It’s perhaps, therefore, no surprise that many expat spouses have a hard time adjusting to the culture shock of living abroad. And if the change in lifestyle includes swapping a career for full-time parenting, an even bigger adjustment is needed. Whether you’re a female or male trailing partner, you need to be comfortable with your partner being the main breadwinner.
What is trailing spouse syndrome?
Trailing spouse syndrome refers to symptoms suffered by the partners of expats, which usually develop during their first year of living abroad. It’s when feelings of anxiety and regret about the decision to move start to take over. The main symptoms are:
Homesickness and loneliness
When you move to a new location, it’s normal to miss your old life until you settle in. But, for some people, that feeling of loneliness and isolation doesn’t always pass. Expats on assignment often have high-powered jobs, with long working hours and regular networking events to attend, leaving their spouse home alone for long periods.
Loss of identity
For many people, their career is part of who they are. If that is put on hold, it can cause resentment. Some 85% of expat spouses were working before their departure, and many struggle to find their identity in a new, unfamiliar place. Playing second fiddle to your partner’s career means you can begin to question your self-worth and value to society.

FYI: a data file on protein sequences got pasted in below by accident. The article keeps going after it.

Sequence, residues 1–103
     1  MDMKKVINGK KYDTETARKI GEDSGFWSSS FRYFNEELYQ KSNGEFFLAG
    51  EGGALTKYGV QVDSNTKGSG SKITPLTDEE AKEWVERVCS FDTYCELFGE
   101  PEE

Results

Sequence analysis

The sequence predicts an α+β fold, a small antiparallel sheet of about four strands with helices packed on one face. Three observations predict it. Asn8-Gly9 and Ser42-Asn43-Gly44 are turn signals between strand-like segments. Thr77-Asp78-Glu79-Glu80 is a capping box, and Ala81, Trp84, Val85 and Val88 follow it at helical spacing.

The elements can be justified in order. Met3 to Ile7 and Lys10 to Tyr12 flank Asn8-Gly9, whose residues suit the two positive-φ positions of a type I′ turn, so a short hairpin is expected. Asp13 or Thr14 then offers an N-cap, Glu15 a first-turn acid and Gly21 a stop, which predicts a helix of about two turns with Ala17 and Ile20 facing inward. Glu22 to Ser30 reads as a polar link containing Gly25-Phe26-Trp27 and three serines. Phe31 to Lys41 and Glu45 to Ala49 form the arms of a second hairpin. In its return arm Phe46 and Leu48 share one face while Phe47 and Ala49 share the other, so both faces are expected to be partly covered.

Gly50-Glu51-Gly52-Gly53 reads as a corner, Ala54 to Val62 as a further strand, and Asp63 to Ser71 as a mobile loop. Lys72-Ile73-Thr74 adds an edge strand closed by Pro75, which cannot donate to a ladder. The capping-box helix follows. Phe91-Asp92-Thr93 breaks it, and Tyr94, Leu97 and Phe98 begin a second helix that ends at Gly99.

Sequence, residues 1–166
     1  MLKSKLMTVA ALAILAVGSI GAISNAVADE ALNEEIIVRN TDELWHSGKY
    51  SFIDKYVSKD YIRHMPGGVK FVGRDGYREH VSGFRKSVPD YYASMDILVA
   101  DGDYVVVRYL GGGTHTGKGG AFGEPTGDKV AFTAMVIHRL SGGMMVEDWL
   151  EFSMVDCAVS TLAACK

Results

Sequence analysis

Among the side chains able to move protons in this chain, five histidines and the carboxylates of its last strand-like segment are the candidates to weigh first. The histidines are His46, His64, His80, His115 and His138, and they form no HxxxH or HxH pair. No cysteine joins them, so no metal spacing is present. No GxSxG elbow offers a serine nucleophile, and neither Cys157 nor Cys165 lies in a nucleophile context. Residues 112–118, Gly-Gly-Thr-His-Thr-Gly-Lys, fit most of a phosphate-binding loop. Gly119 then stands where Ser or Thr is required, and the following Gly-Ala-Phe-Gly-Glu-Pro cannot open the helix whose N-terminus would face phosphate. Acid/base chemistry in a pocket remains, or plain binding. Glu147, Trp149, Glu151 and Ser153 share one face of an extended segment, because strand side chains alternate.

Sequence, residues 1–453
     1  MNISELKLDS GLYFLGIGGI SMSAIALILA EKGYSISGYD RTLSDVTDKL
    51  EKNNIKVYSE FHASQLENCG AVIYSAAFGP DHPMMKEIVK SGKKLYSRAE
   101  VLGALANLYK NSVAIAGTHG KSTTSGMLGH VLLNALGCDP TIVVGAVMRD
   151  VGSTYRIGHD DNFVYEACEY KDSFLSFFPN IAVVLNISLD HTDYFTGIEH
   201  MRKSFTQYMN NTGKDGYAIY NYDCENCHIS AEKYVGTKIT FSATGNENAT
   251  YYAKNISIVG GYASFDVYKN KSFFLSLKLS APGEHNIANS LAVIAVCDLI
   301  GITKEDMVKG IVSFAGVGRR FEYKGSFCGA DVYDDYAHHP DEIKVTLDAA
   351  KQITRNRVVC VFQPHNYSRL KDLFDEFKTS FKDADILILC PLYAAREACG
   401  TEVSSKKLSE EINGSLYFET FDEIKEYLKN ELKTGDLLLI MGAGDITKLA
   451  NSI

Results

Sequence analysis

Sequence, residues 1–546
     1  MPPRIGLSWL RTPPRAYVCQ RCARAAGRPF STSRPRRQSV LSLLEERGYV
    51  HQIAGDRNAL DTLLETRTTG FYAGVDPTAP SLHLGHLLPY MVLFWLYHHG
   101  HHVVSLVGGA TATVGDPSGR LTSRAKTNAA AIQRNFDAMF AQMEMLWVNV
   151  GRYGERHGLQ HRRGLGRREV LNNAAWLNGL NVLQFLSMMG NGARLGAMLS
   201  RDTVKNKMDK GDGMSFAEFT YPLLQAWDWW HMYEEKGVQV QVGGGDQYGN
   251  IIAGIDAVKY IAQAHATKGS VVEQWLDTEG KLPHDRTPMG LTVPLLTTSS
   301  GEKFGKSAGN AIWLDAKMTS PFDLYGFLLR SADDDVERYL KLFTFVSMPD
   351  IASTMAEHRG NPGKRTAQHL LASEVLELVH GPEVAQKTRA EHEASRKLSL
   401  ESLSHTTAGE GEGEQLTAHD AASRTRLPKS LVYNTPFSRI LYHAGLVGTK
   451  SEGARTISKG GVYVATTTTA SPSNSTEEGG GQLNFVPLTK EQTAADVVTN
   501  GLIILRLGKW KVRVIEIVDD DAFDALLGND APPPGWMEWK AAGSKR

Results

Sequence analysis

Loneliness and lack of self-worth can lead to feelings of jealousy, resentment, abandonment and neediness, all of which can cause arguments and a decline in your relationship. The partner on assignment can also have feelings of regret if they’re returning home from a stressful day at work to someone who is miserable and clearly not enjoying their new life.
Disappointment that expectations don’t live up to reality
Initially, you might be thrilled about moving to a new country, with the chance to start afresh. But once the novelty starts to wear off and reality kicks in, some expat partners can begin to feel bored and withdrawn. Negative feelings such as these not only cause relationship problems but can even lead to expat depression.
Tips to overcome the challenges of being an expat spouse
While being an expat spouse can be challenging at times, there are some steps you can take to help you cope and seize the opportunity to enjoy your time away.
To make the most of your new experience, seasoned expat spouses suggest you:
- Get counselling ahead of relocation. When you’re uprooting your entire life to live abroad, it’s essential to prepare well. Taking couples or family counselling before you leave can help to address any concerns you have and keep lines of communication open with your partner. Many companies also offer pre-assignment training covering things such as healthcare, education and social etiquette in the new location. This can help you get a better understanding of what to expect.